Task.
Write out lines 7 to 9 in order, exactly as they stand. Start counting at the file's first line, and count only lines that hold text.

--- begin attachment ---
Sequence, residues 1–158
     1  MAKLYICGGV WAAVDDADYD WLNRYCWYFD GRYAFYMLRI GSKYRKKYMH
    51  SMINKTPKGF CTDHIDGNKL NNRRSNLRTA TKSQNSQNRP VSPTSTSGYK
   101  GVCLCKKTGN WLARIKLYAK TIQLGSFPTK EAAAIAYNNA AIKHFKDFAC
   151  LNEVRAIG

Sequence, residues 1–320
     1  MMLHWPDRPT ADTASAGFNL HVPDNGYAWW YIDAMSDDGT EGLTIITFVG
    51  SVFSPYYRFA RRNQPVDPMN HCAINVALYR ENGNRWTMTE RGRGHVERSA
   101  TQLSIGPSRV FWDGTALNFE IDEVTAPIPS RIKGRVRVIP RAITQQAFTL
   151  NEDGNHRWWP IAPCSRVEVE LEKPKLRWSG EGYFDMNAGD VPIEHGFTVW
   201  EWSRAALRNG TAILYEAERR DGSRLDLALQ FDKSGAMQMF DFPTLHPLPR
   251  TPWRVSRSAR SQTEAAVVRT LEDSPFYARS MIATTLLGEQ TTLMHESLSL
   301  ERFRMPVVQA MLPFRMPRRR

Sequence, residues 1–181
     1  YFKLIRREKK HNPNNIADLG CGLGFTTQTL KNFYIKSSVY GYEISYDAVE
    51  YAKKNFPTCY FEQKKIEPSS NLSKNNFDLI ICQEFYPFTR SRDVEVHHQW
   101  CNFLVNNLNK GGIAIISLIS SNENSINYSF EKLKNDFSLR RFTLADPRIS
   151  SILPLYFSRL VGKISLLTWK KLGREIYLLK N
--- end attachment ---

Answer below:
     1  MMLHWPDRPT ADTASAGFNL HVPDNGYAWW YIDAMSDDGT EGLTIITFVG
    51  SVFSPYYRFA RRNQPVDPMN HCAINVALYR ENGNRWTMTE RGRGHVERSA
   101  TQLSIGPSRV FWDGTALNFE IDEVTAPIPS RIKGRVRVIP RAITQQAFTL